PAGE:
Did Bush's Grandfather Steal Geronimo's Skull?

It has all the ingredients for the ultimate conspiracy theory.

Take President Bush and his father, throw in a legendary Apache chief, strange rituals performed in the dead of night in a building named the Tomb, grave robbing, and a secret society of elite students called Skull and Bones.

The oft-told tale is that Bush's grandfather, Prescott Bush, and some of his buddies at Yale, dug up the grave of Apache chief Geronimo, removing his skull and femur and placing them in a glass case in the lobby of the Tomb, the headquarters of the university's notorious Skull and Bones society back in 1917.

It's a story that's become legend at Yale, passed down from generation to generation. Despite the lack of clear evidence, every new clue or rumor just adds to its allure.

But could a medicine man in Mescalero, N.M., be able to definitively prove whether the story is true?

Harlyn Geronimo, the great grandson of the Apache warrior, wants to prove that the skull is authentic by offering his DNA to see if it matches the bones, and he's demanding the return of the remains.

"I really believe that that's my great grandfather's skull," Geronimo tells ABCNews.com. "We want to return him to the Gila Wilderness, where he was born, so the spirit can complete its journey and go on to the next world. Presently, he's buried as a prisoner of war and it still has that status over him."

Geronimo has written to the White House, hoping to obtain the president's help at retrieving his great grandfather's remains. And he's considering legal action against the society.

The ultrasecret Skull and Bones society's close-knit members have gone on to powerful positions in both government and business. Past Bonesmen — including both presidents Bush, President William Howard Taft, Sen. John Kerry, William F. Buckley, Time magazine founder Henry Luce, financier William H. Donaldson, and numerous CIA agents — are sworn to secrecy about the club's rituals.

At least one member was willing to talk, emphatically stressing that the story is just a tall tale. Coit Liles claims that Geronimo's skull is not sitting in the Tomb. "It's not there and it never has been there," Liles says, adding that Prescott Bush or any other Bonesman never dug up the bones. "It's just a story."

Liles is the secretary of RTA Incorporated, the trust that runs the society. The society may be secretive about their rituals but the trust is a little more open about its activities. In its 2005 tax return, the New Haven, Conn.-based trust claimed $3.7 million in net assets, and that it spent $236,683 on education programs of "intellectual inquiry, sensitivity training and personal development" for Yale students.

Despite the denials, plenty of other people believe that the tale rings true based on recent evidence.

Last year, a Yale historian uncovered a letter that seemed to confirm the story. Written in 1918, from one Bonesman to another, the letter describes how Prescott Bush and some friends dug up the grave when they were stationed for military duty in Fort Sill, Okla. "The skull of the worthy Geronimo the Terrible, exhumed from its tomb at Fort Sill by your club ... is now safe inside the [Tomb] together with his well-worn femurs, bit and saddle horn," reads the letter.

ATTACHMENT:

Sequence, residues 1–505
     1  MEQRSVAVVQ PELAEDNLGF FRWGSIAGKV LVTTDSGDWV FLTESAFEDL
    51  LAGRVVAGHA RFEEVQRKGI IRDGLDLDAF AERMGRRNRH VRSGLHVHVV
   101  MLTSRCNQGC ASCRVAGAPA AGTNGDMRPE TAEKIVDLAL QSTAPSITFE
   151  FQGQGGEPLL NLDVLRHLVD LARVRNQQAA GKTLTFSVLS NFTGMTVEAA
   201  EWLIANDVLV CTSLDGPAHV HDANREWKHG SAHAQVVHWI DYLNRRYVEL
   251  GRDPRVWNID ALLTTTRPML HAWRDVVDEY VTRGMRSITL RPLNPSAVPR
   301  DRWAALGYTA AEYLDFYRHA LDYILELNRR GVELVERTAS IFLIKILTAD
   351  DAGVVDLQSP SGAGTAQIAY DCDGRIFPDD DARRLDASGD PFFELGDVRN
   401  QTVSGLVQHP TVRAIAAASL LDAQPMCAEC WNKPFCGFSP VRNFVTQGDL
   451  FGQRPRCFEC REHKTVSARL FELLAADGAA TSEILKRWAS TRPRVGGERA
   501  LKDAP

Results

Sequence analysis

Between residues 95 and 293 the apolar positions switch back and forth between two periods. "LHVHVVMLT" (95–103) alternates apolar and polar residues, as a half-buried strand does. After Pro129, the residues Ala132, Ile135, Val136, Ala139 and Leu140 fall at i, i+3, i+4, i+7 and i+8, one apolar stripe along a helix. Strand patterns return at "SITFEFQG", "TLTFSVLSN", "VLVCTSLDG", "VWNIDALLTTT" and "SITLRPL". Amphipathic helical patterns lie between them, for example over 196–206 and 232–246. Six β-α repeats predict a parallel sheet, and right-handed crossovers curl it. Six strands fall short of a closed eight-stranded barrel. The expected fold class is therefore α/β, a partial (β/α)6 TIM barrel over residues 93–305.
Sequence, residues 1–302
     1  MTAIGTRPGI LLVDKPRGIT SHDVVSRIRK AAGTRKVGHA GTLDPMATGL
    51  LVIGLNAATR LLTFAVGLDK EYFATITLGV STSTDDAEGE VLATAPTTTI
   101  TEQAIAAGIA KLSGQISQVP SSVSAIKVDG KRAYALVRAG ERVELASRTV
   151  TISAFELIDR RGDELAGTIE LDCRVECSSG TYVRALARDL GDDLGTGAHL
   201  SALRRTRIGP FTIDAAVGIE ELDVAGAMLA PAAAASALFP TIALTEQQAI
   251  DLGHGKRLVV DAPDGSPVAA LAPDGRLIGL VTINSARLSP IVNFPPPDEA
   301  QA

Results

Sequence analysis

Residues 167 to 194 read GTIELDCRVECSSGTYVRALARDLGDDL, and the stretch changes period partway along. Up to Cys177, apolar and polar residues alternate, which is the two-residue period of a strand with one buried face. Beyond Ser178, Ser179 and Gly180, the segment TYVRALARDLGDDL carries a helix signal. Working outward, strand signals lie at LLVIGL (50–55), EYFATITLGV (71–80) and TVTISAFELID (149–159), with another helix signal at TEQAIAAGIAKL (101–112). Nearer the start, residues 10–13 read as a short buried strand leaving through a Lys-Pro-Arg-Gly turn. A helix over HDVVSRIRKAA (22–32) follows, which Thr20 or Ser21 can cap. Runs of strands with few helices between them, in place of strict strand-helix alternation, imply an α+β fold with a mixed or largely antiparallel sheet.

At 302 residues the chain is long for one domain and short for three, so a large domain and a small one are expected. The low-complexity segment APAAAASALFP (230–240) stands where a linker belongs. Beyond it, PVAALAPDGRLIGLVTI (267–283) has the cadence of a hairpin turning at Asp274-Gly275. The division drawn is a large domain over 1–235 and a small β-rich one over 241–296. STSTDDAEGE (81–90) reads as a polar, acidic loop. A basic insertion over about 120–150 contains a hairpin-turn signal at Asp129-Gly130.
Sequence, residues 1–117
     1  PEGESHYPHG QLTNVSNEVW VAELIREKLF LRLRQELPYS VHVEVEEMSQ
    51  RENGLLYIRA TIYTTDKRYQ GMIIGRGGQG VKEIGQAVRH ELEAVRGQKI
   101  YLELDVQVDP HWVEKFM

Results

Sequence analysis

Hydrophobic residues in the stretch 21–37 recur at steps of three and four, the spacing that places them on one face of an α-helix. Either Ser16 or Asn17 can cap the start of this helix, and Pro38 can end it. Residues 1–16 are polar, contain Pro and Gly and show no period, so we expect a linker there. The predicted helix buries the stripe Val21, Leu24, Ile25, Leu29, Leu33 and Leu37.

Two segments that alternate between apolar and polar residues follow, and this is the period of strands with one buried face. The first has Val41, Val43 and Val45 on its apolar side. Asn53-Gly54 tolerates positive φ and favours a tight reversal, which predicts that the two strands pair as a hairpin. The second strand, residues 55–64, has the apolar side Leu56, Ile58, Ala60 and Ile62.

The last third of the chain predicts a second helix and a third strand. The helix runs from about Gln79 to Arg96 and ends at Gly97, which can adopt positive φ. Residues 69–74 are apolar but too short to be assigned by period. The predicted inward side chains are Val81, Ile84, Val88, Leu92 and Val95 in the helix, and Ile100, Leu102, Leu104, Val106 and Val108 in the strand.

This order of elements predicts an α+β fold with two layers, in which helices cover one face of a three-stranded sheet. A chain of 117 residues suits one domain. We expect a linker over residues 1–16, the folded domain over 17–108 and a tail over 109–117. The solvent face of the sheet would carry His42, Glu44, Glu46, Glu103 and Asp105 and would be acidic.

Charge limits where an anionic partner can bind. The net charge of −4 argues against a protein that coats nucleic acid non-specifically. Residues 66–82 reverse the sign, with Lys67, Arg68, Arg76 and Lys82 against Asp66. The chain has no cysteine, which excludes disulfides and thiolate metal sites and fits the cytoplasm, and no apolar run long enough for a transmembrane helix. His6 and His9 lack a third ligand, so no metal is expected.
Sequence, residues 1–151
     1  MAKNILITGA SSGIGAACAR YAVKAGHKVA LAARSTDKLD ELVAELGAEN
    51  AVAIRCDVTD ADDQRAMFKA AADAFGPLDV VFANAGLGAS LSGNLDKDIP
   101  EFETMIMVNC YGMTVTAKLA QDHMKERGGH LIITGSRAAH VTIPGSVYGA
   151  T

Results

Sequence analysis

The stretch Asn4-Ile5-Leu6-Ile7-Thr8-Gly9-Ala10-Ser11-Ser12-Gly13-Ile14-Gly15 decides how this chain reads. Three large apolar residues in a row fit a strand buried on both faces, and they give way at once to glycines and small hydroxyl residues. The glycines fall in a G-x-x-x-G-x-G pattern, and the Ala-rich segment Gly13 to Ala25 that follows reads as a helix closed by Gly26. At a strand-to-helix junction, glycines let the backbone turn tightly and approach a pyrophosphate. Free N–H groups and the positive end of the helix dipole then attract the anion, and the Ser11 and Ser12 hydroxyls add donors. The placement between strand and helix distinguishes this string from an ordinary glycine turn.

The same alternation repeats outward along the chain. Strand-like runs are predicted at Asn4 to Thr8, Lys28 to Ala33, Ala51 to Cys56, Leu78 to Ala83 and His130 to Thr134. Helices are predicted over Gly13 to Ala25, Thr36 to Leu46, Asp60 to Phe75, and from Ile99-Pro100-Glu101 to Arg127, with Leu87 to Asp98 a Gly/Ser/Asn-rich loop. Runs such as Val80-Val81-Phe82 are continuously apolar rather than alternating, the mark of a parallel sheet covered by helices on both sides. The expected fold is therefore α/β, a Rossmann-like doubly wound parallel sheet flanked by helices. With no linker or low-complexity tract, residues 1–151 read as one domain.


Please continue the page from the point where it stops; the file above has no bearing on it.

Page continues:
The authenticity of the letter certainly lent some credibility to the story, says Alexandra Robbins, who wrote "Secrets of the Tomb," a history of Skull and Bones.

"Of all the tales about Skull and Bones booty — the skull of [President] Martin Van Buren: not true, Pancho Villa: not true, Geronimo: possibly true," says Robbins. "Of all the rumors, that one has the most plausibility. The letter included a very detailed description of the skull."

As part of her research into what she calls "the country's most powerful elite alumni network," Robbins interviewed over 150 Bonesmen. "They say there is a skull in a glass case just inside the entrance to the Tomb and they've called it Geronimo."

Almost two decades ago, another Native American, Ned Anderson, attempted to obtain the skull. He claimed that then-Congressman John McCain and then-Congressman Morris Udall arranged for him to meet Jonathan Bush, the first President Bush's brother.

"According to Ned, they brought out a skull but it was obviously a skull of a ten-year-old and they were trying to bluff him and tried to get him to sign papers saying that he would never speak about it again," says Robbins. Anderson claimed that he rejected the offer.

The 1918 letter was authenticated by Judith Schiff, the chief research archivist at Yale's Sterling Memorial Library. "I think a lot of people thought it was just a legend, but the letter says that students dug up the bones and thought it was Geronimo's," says Schiff. "Prescott Bush and the others were at Fort Sill, getting ready to go fight in World War I as part of Yale ROTC, and they may have been roaming the area and had a chance to bring it back to Yale or sent it somehow."

But is it Geronimo's skull? "Your guess is as good as mine," says Schiff. "They thought it was Geronimo's skull, but who knows?"

Another Skull and Bones expert, writer Ron Rosenbaum, has his doubts. "There is no evidence that the skull brought back to New Haven by Prescott Bush and those other people was Geronimo's skull," he says. "Local anthropologists say the grave was unmarked. Skull and Bonesmen like to boast about it, but it's more likely that they were conned by some locals who said, 'Hey, you want to buy Geronimo's skull?'"